"I DON'T CARE." The interesting thing is that most of these bloggers do care a great deal, to the point that some of them have made fashion blogging their career, or at the very least a vast majority of their day-to-day lives. So what is their excuse? Perhaps there is some sort of secretive allure or professional justification behind the idea of consistently wearing a new shoe from the same-old designer that fASHLIN simply has yet to fully grasp.
One particular brand of shoes that bumps creative ingenuity straight off the radar of mainstream popularity is the crazy Japanese-obsessed fun brand, Irregular Choice. Designer Dan Sullivan uses his love and knowledge of Japanese street fashion to create his typical over-the-top signature styles that vary anywhere between the slightly unusual to highly stylized pieces of wearable art. The overall diversity and range that Irregular Choice provides allows for a multitude of unique styling options that are sure to help create an unforgettable look. This is merely one styling alternative to help you get out of the habit of forfeiting your shoe selection to only one brand, and while both Irregular Choice and Jeffrey Campbell are wholeheartedly awesome choices, be sure to put in the effort and change it up every once in a while. Here are a few of our favorites from Irregular Choice below:
Finnish designer Daniel Palillo is injecting into the world of fashion a healthy dose of dark humor through his pop-culture meets cyber-occult design aesthetic. His typical creative devices while graphically bold are symbol oriented and relatively simple, with a heavy influence of animation paired with jarring text. Sharp contrasting colors, esoteric subject matter and a bit of whimsy are packaged neatly inside the silhouettes of clothing that looks like it belongs in a Spike Lee movie from another universe. Always a sucker for anything resembling Tokyo street style, fASHLIN puts Daniel Palillo up alongside the ranks of KTZ for a battle of who can do it better. From Daniel Palillo's website:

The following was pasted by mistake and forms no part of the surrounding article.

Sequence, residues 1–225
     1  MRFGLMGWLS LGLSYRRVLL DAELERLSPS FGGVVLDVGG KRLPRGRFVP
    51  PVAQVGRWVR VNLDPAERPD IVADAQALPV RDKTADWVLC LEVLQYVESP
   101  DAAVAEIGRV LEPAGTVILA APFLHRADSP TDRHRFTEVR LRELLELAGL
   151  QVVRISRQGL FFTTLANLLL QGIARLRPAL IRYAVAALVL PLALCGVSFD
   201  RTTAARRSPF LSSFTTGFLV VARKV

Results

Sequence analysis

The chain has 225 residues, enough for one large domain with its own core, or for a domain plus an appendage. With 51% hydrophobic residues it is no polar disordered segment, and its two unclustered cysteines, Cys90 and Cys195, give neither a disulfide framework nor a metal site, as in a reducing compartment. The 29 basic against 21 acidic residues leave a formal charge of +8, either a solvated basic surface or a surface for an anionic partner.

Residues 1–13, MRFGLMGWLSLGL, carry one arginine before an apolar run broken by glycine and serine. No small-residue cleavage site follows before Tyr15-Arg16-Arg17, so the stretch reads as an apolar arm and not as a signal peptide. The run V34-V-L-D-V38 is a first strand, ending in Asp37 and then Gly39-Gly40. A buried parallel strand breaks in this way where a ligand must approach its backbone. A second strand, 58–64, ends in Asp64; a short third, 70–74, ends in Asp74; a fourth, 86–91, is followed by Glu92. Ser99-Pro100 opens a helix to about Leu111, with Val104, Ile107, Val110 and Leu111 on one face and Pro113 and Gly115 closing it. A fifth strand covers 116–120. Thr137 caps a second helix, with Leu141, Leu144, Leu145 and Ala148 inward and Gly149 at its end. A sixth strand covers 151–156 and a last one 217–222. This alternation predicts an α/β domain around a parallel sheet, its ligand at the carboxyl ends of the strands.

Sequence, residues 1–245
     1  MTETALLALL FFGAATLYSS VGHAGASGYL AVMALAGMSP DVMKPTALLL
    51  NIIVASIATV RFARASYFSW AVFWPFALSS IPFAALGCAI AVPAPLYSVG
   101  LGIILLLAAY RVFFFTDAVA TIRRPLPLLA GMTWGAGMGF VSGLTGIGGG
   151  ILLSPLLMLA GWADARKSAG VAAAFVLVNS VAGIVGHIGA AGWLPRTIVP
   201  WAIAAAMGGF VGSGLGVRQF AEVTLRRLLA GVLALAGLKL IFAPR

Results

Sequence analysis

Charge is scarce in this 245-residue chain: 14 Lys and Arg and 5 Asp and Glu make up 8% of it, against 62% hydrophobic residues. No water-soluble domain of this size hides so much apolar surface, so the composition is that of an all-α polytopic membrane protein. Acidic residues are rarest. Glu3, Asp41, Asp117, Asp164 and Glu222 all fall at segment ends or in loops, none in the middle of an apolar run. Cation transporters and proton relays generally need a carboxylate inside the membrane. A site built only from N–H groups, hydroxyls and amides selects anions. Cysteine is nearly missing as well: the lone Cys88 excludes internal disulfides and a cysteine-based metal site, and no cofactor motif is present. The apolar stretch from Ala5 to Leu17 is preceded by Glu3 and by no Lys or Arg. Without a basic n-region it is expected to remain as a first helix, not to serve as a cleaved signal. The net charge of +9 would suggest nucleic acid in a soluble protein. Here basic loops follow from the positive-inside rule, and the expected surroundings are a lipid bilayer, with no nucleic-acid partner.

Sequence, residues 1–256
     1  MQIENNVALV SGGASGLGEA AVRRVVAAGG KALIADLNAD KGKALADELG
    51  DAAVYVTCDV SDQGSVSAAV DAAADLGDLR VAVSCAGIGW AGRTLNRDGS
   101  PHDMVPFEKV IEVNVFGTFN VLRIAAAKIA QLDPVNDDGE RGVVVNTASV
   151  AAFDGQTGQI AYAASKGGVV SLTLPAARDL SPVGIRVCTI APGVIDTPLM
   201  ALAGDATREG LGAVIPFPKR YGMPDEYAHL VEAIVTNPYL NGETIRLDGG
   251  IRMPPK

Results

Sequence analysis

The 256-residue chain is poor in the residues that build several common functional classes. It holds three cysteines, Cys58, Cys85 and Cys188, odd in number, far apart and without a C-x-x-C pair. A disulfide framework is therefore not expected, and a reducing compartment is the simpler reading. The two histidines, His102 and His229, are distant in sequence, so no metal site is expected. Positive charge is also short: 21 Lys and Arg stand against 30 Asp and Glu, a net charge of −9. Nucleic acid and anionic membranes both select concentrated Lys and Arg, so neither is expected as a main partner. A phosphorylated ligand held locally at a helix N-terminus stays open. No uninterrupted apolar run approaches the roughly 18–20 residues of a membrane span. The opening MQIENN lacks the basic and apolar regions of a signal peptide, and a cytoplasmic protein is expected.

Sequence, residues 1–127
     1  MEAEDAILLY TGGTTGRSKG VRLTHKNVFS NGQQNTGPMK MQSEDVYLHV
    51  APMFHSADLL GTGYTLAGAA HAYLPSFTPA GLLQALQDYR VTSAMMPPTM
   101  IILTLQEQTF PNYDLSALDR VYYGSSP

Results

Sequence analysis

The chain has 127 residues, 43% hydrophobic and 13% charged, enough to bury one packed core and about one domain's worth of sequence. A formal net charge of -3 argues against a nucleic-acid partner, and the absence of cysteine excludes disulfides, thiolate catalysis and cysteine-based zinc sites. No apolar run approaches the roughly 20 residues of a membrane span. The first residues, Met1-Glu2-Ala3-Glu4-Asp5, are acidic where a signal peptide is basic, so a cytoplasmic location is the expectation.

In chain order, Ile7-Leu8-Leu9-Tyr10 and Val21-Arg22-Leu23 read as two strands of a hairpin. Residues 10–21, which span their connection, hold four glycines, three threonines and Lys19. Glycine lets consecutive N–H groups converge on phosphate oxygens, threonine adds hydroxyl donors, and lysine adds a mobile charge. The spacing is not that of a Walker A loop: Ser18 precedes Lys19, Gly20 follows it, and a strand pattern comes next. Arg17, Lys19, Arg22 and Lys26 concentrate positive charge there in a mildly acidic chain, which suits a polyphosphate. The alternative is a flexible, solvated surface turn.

"Palillo’s universe is situated in a time after the Internet where new styles are developed from unidentified objects; created among gangs who communicate with an enigmatic language. Here, only shirts with words speak and caps with antennas listen. The end."
Holographic notions are no longer strictly reserved for club kids, cyber glam enthusiasts or your various government issued forms of identification. With #icepunk starting to pick up momentum in the music scene (think of it like post-witch haus), the same can be said for its insurgence into the realm of fashion. Icy-silver holographic pieces have steadily transcended across t-shirts, purses and other accessories over the past two years with a subtle nuance to 90's revival, but for the most part up until now were mostly derived from smaller, independent labels targeting an even smaller niche trend. Now that luxury designers like Proenza Schouler, Sigerson Morrison and Theyskens' Theory have each integrated holographic pieces into their A/W 2012 collections, it is safe to assume that an abundance of rave aesthetics will most likely be infiltrating a broader scope of the industry, leaving more viable options for Tumblr-specific genres to choose from than ever before.